Santiago files bill to repeal cybercrime lawBy Maila Ager
MANILA, Philippines—Senator Miriam Defensor-Santiago has filed a bill that if passed into law would repeal the controversial Cybercrime Prevention Act.
Santiago said Senate Bill No. 53, known as the Magna Carta for Philippine Internet Freedom (MCPIF), would protect the rights and freedoms of Filipinos in cyberspace, while defining and penalizing cybercrimes.
“While it is important to crackdown on criminal activities on the Internet, protecting constitutional rights like free expression, privacy, and due process should hold a higher place in crafting laws,” she said in a statement on Wednesday.
Santiago said the MCPIF upholds the right to free speech of Filipinos on cyberspace “unlike the much-criticized Cybercrime Prevention Act.”
“The MCPIF treats libel as a civil liability rather than a criminal act. It is not overbroad or vague in its provisions on libel, unlike the cybercrime law,” she explained.
If passed into law, Santiago said, the bill would repeal the Republic Act No. 10175 or the Cybercrime Prevention Act.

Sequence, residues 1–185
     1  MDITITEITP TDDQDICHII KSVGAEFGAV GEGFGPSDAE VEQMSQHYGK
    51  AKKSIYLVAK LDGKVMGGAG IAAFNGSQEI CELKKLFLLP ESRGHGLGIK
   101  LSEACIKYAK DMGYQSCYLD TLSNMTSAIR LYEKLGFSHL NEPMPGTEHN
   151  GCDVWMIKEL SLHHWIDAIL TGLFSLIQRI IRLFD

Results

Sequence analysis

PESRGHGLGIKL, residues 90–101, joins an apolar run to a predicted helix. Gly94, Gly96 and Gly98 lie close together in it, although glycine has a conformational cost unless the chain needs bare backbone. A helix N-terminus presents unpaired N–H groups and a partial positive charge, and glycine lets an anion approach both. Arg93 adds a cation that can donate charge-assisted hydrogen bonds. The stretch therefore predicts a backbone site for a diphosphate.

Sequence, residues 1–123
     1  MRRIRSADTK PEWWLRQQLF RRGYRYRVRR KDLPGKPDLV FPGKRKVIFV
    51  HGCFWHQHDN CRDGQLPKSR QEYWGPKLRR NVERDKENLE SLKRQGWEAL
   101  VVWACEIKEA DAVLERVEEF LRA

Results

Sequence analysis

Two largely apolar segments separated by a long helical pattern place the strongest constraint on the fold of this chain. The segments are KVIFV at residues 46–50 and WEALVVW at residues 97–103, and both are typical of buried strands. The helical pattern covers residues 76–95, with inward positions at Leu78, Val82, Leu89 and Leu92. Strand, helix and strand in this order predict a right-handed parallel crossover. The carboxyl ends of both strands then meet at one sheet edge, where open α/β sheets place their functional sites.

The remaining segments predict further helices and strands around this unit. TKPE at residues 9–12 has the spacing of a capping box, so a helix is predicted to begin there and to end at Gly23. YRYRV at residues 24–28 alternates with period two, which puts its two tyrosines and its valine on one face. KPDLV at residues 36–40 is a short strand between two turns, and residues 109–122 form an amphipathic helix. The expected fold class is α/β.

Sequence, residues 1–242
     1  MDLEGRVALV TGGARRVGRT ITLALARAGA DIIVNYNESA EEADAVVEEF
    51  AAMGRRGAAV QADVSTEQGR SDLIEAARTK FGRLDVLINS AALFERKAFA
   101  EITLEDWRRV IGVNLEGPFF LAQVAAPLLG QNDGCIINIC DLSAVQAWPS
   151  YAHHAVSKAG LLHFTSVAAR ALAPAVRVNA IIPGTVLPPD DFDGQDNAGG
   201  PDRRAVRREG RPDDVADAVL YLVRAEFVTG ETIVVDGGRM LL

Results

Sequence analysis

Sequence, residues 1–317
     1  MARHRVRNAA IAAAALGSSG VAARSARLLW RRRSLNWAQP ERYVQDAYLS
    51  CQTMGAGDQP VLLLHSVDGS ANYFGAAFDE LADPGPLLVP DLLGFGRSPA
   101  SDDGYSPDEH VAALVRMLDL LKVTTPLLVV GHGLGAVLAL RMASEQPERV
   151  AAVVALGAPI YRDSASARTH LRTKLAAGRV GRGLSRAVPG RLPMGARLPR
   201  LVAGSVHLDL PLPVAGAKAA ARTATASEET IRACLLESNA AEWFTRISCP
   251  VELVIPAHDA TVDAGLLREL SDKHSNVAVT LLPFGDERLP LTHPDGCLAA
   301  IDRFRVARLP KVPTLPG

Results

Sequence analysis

“R.A. 10175 confines the Philippines to 20th century capabilities in this 21st century information society. Clearly, laws that have an impact on cyberspace must address the realities of the present and the challenges of the future,” she said.
The proposed MCPIF, if passed, Santiago said, would also be the first law to be created through “crowdsourcing.”
Crowdsourcing is an online process of getting work done by tapping people on the Internet who volunteer their talent and skills.
The senator said a group of concerned netizens composed of software designers, IT specialists, academics, bloggers, engineers, lawyers, human rights advocates approached her office with a draft of the MCPIF.
The group formulated the MCPIF through discussions in an open Facebook group, email, Google Hangout teleconferences, and social media channels like Twitter.
“I call on all our young people to voice their support for this bill through social media. You are our new opinion-leaders. After the RH Bill, we saw how powerful social media can be in advancing our causes,” Santiago said.
Recent Stories:PNR train hits, kills housemaid 9 mins elapsed Elephants can tell difference between human languages 27 mins elapsed Lee moved to Pampanga prov’l jail 1 hour elapsed Strong quake rattles N. California, no damage, injuries reported 3 hours elapsed Search for vanished Malaysia jet widens as frustrations grow 3 hours elapsed Slow but sure for Sam Concepcion 4 hours elapsed HEARD: Alice Dixson hopeful 4 hours elapsed Asian shares slip after weak China, Japan data 5 hours elapsed